view.accessibilityElements = [screenHeader, employerHeader, employerDetail, titleHeader, titleDetail, biographyHeader, biographyDetail, ageHeader, ageSlider, educationButton] 

Notice that the age slider property is immediately following the age header property and that the education button is last. VoiceOver will now read the screen in this order. There are two things to note with this. First, the profile image is not listed in the array. When the image is made accessible, it will need to be added so that VoiceOver knows the full order of accessibility elements. Second, this property is new in iOS 8 but the concept is not new. Prior to iOS 8 the same tasks can be accomplished by implementing the following three methods, which are part of the UIAccessibilityContainer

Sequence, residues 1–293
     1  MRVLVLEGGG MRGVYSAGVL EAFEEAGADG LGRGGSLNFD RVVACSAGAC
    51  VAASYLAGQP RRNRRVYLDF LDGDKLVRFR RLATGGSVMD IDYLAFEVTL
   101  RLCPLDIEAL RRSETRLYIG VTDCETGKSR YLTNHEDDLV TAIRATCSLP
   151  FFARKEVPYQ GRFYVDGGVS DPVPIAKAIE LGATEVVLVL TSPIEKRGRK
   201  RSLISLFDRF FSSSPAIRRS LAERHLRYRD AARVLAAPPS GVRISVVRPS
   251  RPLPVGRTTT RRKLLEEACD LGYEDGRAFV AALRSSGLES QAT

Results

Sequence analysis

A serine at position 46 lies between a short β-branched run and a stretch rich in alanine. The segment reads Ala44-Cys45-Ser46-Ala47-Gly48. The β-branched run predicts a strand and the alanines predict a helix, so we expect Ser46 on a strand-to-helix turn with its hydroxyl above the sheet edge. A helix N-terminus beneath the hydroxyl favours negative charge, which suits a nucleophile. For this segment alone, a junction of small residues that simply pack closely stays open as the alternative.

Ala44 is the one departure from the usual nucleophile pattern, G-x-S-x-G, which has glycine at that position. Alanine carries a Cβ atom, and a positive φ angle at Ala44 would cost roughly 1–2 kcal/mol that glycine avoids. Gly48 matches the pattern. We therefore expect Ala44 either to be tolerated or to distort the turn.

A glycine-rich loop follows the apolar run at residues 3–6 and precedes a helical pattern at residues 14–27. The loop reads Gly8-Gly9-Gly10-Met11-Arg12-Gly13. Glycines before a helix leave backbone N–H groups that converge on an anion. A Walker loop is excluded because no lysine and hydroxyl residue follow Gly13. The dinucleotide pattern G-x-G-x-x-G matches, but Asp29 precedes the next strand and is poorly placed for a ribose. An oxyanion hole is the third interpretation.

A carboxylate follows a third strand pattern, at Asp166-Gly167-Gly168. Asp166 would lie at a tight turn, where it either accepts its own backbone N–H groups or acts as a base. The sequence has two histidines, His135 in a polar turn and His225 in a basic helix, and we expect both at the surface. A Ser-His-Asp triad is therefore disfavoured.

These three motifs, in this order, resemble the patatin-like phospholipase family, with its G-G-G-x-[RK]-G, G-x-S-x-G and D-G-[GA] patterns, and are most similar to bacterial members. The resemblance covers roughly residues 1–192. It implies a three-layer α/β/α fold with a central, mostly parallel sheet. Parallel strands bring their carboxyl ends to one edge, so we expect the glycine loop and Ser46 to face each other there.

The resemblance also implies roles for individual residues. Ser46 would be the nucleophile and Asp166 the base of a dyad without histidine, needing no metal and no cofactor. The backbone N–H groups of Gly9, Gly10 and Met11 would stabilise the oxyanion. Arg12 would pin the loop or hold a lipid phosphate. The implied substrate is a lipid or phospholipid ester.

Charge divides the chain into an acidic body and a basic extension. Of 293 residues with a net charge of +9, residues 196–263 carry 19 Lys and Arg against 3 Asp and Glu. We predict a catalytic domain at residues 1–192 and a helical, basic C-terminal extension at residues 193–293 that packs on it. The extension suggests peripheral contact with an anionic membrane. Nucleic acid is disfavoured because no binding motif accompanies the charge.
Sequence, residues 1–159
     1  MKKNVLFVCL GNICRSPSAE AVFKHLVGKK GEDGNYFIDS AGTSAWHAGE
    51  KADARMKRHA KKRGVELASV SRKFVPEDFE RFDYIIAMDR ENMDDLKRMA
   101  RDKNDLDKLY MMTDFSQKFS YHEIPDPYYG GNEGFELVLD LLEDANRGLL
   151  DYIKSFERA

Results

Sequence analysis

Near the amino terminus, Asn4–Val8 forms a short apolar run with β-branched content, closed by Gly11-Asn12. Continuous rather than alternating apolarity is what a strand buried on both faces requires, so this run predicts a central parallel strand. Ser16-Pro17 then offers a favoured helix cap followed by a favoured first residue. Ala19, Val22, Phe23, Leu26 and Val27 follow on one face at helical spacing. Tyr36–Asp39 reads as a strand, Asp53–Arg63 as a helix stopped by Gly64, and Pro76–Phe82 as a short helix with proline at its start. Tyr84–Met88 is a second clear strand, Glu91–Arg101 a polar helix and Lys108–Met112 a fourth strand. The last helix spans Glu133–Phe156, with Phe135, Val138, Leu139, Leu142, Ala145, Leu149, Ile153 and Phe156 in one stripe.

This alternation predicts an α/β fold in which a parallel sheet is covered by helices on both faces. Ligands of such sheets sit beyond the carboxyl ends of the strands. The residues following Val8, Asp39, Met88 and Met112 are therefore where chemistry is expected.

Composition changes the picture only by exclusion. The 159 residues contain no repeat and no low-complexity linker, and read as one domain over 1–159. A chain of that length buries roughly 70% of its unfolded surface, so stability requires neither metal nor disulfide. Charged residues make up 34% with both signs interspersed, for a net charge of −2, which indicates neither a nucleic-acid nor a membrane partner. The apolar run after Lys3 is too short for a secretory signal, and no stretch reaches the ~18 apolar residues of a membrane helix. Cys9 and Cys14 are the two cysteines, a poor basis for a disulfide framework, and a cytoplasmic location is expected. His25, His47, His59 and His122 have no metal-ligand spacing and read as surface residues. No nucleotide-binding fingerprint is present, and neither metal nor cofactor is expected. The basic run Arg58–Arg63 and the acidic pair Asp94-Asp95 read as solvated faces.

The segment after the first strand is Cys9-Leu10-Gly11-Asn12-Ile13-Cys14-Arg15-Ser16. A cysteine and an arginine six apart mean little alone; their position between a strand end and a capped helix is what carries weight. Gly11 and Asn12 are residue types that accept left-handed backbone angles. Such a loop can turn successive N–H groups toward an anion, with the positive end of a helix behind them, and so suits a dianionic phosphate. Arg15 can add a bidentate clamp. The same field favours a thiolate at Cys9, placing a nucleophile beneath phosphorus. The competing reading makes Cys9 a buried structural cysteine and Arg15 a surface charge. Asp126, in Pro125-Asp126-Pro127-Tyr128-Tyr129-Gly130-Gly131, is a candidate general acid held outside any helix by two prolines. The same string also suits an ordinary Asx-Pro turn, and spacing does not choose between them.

/* 
  Returns the number of accessibility elements in the container. 
  */ 
  func accessibilityElementCount() -> Int 
 
  /* 
  Returns the accessibility element in order, based on index. 
  default == nil 
  */ 
  func accessibilityElementAtIndex(index: Int) -> AnyObject! 
 
  /* 
  Returns the ordered index for an accessibility element 
  default == NSNotFound 
  */ 
  func indexOfAccessibilityElement(element: AnyObject!) -> Int

Dealing With Images

The final step on the first screen of this app is to make the image accessible. This may not seem like a necessary step, and in some cases it is not, but there are times when a user might need to know that an image exists. For example, in a social networking app the user would probably want to know that there is a profile picture. Apple has made this easy to accomplish as well and it can be configured in two ways. First, directly in Interface Builder there is a section called “Accessibility”. In that section, the “Enabled” check box should be checked and the text that is written in the “Label” field is the text that will be read by VoiceOver. The following screen shot shows how to make VoiceOver read “Profile Image”.